On top of the waste and ineffectiveness, the long gun registry places an unfair burden on law-abiding citizens in rural communities, such as people who use rifles and shotguns to protect livestock or to provide food for their families. The ponds and woodlands of rural Canada are a long way from the Jane-Finch corridor. Making farmers and hunters register their long guns will not keep people in downtown Toronto any safer.
While there is no evidence to support the long gun registry, there is plenty to show the long gun registry is ineffective. I will take a few moments to break some time-honoured myths.
First, most violent gun crime in Canada does not involve long guns. Between 1975 and 2006, for example, Statistics Canada showed that the use of rifles or shotguns in homicides declined by 86%. In 2006 alone, three times as many victims were killed with a handgun than with rifles or shotguns. These statistics are no aberration. In 2009, out of the 179 firearms homicides, almost 60% of those crimes were committed with handguns.
Furthermore, where long guns were actually used in violent crime, the vast majority of the firearms were unregistered. Between 2005 and 2009, for example, police recovered 253 firearms that were used to commit a homicide. Of these, less than one-third, 31% in fact, were actually listed with the Canadian firearms registry.
All this means that law-abiding citizens are spending time and money to comply with the law, but at the same time, and this by now should come as no surprise to anyone, criminals who use long guns do not follow the rules of the registry. This goes to the heart of why the long gun registry has never worked.
People who are willing to use guns to commit crimes or engage in violent acts are not likely to be the first in line to register their guns. In fact, it is quite the contrary. The result is an ineffective system that discriminates for no good reason against legitimate long gun owners and does nothing to stem the tide of illegal firearms crossing the border.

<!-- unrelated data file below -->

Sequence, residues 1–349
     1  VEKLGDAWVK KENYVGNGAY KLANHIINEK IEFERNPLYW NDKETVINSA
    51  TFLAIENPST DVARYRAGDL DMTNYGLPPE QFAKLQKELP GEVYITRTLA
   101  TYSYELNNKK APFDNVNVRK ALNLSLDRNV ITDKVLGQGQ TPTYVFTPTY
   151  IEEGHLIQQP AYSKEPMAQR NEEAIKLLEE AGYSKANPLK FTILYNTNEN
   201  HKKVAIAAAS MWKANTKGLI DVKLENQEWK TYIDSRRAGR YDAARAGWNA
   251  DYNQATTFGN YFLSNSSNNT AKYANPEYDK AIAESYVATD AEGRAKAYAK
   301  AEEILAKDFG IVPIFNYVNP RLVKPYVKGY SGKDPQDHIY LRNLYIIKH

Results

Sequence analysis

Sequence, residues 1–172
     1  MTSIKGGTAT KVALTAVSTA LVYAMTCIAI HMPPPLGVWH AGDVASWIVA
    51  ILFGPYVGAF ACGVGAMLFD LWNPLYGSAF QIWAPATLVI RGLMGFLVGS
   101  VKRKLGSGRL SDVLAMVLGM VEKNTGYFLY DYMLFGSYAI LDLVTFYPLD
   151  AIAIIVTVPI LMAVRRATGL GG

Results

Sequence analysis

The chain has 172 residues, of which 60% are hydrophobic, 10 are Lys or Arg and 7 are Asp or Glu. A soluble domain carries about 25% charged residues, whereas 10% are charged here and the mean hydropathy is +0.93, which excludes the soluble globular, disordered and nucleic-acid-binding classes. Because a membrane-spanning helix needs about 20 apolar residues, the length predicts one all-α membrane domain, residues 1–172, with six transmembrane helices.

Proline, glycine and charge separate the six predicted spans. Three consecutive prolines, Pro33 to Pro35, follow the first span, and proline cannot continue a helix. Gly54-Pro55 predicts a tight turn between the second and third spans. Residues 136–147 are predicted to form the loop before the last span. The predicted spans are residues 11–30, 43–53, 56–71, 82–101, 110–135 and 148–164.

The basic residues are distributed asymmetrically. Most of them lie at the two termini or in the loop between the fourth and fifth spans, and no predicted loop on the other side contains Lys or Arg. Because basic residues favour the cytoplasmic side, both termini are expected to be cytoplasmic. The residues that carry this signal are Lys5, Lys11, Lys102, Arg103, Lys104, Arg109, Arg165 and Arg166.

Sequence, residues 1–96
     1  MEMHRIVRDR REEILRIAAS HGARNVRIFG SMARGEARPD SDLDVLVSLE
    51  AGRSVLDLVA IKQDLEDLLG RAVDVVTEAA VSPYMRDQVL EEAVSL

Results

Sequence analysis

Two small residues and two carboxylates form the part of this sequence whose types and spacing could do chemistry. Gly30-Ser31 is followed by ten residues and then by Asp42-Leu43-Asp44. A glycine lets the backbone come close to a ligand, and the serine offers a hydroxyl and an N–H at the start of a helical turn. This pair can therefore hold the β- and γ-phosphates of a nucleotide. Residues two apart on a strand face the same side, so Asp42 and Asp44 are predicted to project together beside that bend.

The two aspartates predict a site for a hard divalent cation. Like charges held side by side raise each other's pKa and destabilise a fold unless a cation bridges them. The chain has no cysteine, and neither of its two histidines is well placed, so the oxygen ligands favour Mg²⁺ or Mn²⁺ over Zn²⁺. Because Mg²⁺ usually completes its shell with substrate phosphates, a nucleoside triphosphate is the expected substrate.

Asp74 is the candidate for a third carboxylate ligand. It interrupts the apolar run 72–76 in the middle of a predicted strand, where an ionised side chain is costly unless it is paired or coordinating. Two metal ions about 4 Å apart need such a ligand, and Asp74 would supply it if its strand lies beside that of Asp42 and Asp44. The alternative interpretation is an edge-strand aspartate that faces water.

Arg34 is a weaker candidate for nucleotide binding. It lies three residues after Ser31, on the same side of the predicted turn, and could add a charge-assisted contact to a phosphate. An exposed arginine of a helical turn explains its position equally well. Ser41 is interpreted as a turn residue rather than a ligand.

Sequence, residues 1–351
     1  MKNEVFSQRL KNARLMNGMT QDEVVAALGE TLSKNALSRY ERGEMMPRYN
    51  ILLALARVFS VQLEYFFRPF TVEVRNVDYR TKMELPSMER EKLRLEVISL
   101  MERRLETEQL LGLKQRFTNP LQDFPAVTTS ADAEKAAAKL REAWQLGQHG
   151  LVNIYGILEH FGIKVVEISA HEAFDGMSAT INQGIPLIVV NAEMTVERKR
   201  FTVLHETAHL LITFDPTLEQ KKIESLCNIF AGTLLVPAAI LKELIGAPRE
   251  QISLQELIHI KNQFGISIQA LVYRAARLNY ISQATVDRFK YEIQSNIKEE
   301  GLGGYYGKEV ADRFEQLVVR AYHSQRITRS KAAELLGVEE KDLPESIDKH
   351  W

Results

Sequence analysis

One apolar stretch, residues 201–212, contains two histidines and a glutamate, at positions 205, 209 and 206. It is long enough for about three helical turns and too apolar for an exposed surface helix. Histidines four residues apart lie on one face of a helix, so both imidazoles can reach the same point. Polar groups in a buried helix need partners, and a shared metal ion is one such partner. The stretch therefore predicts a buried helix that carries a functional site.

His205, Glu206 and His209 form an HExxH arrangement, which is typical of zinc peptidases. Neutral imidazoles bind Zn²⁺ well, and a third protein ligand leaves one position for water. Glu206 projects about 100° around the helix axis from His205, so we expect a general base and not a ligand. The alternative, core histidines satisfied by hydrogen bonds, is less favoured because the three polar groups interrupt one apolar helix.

With all this mind, I will recap the provisions of the new bill and how it would address these issues.
The most important component of Bill C-19, and the one that has been so long awaited, is the end of the registration for non-restricted firearms. This will relieve the disproportionate burden on rural Canadians and free up valuable resources to invest in crime prevention and enforcement.
At the same time, the bill would retain the gun licensing system, which this government believes is the most effective form of gun control. Licences would still be required to own any type of firearm and applicants would still need to undergo a background check and pass a firearms safety course.
Finally, the bill would address a very important piece of housekeeping. As one can imagine, the registry has demanded mountains of paperwork from law-abiding citizens. This has been a source of contention, and now with the imminent demise of the registry, it has also become a source of concern. Canadians are worried about what will happen with these records. Will they be taken over by another government organization?
We know that the NDP and the Liberals, if given the chance, would overturn the will of voters and resurrect the gun registry. I am pleased to say that Bill C-19 would require the complete and absolute destruction of all records related to the registration of non-restricted firearms contained within the firearms registry and under the control of the chief firearms officers. This would preserve the privacy of all registrants and would give long gun owners the peace of mind they deserve after so many years of exasperation.
The proposed legislation is long overdue. It promises to eliminate a wasteful and ineffective long gun registry that penalizes law-abiding citizens in rural Canada. It would do so without weakening our gun control programs.
The vast majority of constituents in my riding of Wild Rose have long sought the demise of the long gun registry. In fact, in a survey that I did recently, 97% of them showed their support for ending the long gun registry. I know that many members on the other side are loath to admit it, but they would have to admit, if they were being honest, that many of their constituents have long called for that as well.
I would ask that all members of this chamber join me in supporting Bill C-19 to end the wasteful, ineffective long gun registry once and for all.